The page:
5E New Race Feats Appearing in D&D's 'Xanathar's Guide to Everything - Page 5
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  1. #41
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    Quote Originally Posted by Ovarwa View Post
    Min-maxing is good.

    Players who min-max are engaged with the rules of the game. They are paying attention.

    It is a great gift to the GM if he can count on his players to min-max. He can design scenarios that best fit his group, because he knows their real capabilities. And if he is not sure, he *still* knows their capabilities, because he can just design around a min-maxed party.

    There's no game in which all character concepts work equally well, except those in which the outcome is inevitable. This is true even in well-balanced games, such as chess, in which the white character class is usually considered overpowered compared to black...

    Anyway,

    Ken
    I don't necessarily care if my players are engaged with "the rules". The focus of the game isn't really supposed to be "the rules" it's supposed to be the role playing of the game. I want them to know the basics of the rules, but I don't necessarily think it's a good or bad thing if they know every nook and cranny of the rules themselves and how they all interact with each other. I tend to prefer players who just say what they want their character to try to do and then the DM adjudicates how to do that without a lot of focus on what's on the character sheet. Not "ignoring" the character sheet, but the stuff on the sheet isn't the focus. They are not just staring at their sheet to figure out what's written there about what they can do.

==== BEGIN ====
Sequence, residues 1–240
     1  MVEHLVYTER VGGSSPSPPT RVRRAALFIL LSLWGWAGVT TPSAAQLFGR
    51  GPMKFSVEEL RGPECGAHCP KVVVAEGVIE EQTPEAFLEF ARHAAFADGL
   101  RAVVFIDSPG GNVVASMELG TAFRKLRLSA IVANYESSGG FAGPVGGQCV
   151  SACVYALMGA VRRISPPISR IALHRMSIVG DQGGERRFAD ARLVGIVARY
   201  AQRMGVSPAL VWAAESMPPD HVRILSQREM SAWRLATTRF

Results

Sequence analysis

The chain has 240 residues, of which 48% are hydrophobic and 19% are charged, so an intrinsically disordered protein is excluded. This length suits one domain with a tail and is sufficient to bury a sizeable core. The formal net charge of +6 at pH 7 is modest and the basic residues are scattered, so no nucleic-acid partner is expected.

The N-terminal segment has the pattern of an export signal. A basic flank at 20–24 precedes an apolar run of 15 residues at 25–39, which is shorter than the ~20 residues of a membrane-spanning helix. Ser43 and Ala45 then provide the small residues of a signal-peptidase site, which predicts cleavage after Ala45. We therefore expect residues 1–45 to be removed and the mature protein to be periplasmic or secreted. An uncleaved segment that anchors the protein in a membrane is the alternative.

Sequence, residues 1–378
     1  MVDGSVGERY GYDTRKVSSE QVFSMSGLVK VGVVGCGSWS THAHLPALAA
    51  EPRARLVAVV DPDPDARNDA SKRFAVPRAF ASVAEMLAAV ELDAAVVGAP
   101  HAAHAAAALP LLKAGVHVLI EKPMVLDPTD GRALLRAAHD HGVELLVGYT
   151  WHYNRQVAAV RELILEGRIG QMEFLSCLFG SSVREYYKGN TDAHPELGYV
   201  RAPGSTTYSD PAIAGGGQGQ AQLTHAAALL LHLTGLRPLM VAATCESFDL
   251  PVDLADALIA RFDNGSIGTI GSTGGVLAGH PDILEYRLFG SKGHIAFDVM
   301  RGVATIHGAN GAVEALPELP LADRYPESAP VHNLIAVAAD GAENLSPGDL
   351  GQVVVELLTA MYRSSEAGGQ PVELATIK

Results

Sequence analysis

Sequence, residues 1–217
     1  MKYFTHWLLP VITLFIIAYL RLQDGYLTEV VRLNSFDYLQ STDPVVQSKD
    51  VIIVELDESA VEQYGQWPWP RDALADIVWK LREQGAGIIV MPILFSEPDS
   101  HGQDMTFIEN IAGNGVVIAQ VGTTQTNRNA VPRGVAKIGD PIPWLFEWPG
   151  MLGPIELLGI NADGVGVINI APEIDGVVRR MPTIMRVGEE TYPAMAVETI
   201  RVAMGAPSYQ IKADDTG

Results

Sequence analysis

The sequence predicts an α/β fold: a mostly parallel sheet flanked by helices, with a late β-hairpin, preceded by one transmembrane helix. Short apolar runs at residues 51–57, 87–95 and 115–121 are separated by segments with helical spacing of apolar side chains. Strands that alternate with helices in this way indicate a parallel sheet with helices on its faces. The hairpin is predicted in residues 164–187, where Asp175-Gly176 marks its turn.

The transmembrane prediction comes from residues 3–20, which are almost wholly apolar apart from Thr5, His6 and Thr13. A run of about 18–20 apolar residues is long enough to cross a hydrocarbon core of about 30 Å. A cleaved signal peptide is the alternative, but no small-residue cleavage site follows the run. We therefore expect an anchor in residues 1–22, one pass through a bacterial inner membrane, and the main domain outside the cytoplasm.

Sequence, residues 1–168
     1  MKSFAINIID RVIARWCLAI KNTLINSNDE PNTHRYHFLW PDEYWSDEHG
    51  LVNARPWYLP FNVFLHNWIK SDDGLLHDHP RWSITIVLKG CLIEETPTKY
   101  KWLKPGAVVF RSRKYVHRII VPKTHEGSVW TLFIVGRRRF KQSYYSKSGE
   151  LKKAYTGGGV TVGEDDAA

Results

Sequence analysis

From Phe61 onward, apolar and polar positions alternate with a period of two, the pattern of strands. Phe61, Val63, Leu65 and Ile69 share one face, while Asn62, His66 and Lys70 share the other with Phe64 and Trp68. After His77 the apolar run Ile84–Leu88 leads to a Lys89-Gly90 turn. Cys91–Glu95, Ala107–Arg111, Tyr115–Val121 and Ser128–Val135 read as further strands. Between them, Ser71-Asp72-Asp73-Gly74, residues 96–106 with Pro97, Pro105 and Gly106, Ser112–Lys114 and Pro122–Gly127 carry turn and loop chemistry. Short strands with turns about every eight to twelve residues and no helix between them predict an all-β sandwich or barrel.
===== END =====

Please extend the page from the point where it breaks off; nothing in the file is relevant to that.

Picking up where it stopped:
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  2. #42
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    Quote Originally Posted by Mistwell View Post
    I don't necessarily care if my players are engaged with "the rules". The focus of the game isn't really supposed to be "the rules" it's supposed to be the role playing of the game. I want them to know the basics of the rules, but I don't necessarily think it's a good or bad thing if they know every nook and cranny of the rules themselves and how they all interact with each other. I tend to prefer players who just say what they want their character to try to do and then the DM adjudicates how to do that without a lot of focus on what's on the character sheet. Not "ignoring" the character sheet, but the stuff on the sheet isn't the focus. They are not just staring at their sheet to figure out what's written there about what they can do.
    That is not mutually exclusive to a player knowing how to play their own class.